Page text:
GRACE JANG TO REPORTERS: NOTHING TO SEE HERE, MOVE ALONG
The deputy chief of staff for Alaska’s governor is asking her former colleagues in the media to back off.
Back off of the story about Lt. Gov. Byron Mallott and his unwelcome “overtures” toward a young lady at the Alaska Federation of Natives Elders and Youth Conference.
Back off for the protection of the victim(s).
Back off for the sake of Mallott’s family.
Some things are better left unsaid.
Lt. Gov. Mallott was sent home from AFN on Tuesday and was forced to resign from elected office after a situation became known to the governor on Monday. AFN is the major Native organization that Mallott helped establish AFN in the mid-60s.
In a long and carefully crafted post on Facebook on Thursday evening, two days after the revelations about Mallott came to light, Deputy Chief of Staff Grace Jang said it had been a hard week for the governor, for her, and for the whole staff of the Governor’s Office.
Do us a favor, she said, in essence, in the press conference on Tuesday. Just go away. You owe us this one because we’ve been totally transparent for four years. Just give us this one. Please.
Jang, who was a broadcast journalist who covered Gov. Walker’s campaign and then became his communication director, defended the privacy of the lieutenant governor and his victim.
He has suffered enough, she implied. He’s a friend of so many and has such a great history, she said. He just fell down.
She did not acknowledge that the second-most powerful man in office in Alaska owes an explanation to the public about what happened, and if he doesn’t explain it, the governor should, at least through his surrogates.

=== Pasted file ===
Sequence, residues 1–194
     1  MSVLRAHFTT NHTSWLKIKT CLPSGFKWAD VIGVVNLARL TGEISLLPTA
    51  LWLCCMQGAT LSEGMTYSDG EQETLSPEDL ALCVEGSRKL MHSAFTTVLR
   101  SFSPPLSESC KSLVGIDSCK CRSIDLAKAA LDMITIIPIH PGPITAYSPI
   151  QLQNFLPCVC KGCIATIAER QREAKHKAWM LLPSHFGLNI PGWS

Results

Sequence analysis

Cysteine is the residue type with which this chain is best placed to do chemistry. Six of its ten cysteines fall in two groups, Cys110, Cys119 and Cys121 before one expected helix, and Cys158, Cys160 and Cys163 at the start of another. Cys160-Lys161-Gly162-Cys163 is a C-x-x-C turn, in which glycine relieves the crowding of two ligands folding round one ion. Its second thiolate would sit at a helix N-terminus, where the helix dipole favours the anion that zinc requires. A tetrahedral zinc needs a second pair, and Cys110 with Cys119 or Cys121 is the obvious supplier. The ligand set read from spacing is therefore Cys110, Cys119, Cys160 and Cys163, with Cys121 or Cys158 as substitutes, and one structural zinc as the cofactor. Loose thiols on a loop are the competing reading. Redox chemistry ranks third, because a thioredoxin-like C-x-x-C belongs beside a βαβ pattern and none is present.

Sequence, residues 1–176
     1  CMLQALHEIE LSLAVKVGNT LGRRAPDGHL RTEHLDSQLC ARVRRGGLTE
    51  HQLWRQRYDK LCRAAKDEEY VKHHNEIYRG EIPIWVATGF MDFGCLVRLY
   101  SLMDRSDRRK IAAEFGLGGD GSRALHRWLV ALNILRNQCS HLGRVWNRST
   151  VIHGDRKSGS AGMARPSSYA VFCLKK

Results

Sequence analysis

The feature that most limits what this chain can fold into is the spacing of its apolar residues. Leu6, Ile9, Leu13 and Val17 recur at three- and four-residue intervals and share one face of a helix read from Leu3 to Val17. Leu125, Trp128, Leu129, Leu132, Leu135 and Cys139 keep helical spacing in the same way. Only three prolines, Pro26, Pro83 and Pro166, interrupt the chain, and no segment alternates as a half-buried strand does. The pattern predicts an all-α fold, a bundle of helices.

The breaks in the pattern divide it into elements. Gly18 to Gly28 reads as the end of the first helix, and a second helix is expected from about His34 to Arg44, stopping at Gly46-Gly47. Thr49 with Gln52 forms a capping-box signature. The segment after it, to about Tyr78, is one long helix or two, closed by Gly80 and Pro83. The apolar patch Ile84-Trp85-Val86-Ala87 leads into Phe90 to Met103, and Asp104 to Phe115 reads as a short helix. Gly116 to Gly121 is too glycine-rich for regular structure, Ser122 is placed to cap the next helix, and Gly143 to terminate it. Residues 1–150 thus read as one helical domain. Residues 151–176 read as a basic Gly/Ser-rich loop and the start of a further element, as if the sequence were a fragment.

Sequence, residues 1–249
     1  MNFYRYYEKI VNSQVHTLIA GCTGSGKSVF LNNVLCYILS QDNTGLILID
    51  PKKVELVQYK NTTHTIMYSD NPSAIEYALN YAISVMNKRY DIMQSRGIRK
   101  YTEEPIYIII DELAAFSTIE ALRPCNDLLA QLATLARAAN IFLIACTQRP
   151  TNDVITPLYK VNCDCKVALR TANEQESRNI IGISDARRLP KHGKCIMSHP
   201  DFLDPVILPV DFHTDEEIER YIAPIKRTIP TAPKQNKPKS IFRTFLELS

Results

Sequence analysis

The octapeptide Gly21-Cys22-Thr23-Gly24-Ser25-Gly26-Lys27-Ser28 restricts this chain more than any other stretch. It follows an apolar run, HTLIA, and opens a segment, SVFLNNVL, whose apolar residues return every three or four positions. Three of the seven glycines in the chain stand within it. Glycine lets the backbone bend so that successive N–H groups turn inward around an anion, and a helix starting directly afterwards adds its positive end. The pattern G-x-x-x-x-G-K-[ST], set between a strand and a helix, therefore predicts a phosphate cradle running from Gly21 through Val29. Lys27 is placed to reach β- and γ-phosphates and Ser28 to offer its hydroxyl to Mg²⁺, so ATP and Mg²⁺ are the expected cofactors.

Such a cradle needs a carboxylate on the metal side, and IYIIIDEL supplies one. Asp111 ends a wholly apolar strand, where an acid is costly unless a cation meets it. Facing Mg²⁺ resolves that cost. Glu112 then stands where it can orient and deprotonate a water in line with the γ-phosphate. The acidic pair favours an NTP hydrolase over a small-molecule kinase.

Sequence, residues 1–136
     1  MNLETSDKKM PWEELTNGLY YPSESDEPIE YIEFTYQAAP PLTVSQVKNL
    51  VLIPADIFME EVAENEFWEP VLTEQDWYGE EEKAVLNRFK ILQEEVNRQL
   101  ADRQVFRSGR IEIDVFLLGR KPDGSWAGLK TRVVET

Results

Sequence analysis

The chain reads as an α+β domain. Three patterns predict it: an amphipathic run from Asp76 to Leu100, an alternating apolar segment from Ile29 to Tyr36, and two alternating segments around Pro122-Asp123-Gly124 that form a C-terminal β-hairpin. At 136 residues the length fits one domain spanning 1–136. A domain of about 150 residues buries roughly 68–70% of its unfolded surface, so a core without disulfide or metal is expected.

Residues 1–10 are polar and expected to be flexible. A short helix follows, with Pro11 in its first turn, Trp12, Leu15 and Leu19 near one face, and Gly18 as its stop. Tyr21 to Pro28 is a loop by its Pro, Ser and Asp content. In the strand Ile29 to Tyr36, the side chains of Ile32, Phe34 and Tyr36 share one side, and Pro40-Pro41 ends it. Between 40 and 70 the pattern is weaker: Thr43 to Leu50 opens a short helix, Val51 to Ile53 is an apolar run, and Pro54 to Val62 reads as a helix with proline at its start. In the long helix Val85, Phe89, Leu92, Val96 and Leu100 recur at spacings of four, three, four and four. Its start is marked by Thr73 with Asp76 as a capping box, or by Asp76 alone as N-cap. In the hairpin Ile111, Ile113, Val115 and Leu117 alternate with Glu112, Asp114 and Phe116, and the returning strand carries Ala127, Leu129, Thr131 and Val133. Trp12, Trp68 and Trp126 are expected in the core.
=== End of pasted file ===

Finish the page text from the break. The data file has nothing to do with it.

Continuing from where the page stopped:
The public has a right to know if something criminal happened, and without a full explanation, Alaskans will always wonder why such a man as Mallott just disappeared from public life in an instant.
But that’s not what Jang wants.
Jang wants it all swept under the rug by a willing press, to ensure that none of the details ever make it into the history books.
History will just show that Mallott simply quit and no one knew why, other than he said something “inappropriate.”
Jang just weeks ago helped craft a statement from the governor and Mallott that disparaged the reputation of Justice Brett Kavanaugh. Kavanaugh was accused of crimes such as attempted rape and arranging for gang rape, and his name and family’s name was dragged through the mud during his Supreme Court confirmation hearing.
But there was not a kind word from the Governor’s Office to defend the jurist.
This week she wrote that she misses joking with Lt. Gov. Byron Mallott. She misses the camaraderie of his presence.
“Sometimes leaders fall down,” she wrote. And because he resigned, he did the right thing. Therefore, he deserves privacy, she argued.
Here’s what Jang wrote in its entirety, as she admonished the press to step off:
“This has been a tough week.
“Tough for the woman whose unexpected conversation with an elected official led to a resignation. She worried she wouldn’t be believed; that her character and credibility would be undermined; that it would come down to her word against that of one of the most powerful men in the state.
“But she was spared all of that.
“Lieutenant Governor Byron Mallott owned up to it. He took responsibility for his actions. He stepped down.
It’s been a tough week for Byron and his family, too. His wife, children and grandchildren are members of this community. They work with us, they go to school with us, they serve with us. One family member told me he has stayed off Facebook because of the hateful comments, the hurtful innuendos, the outright lies.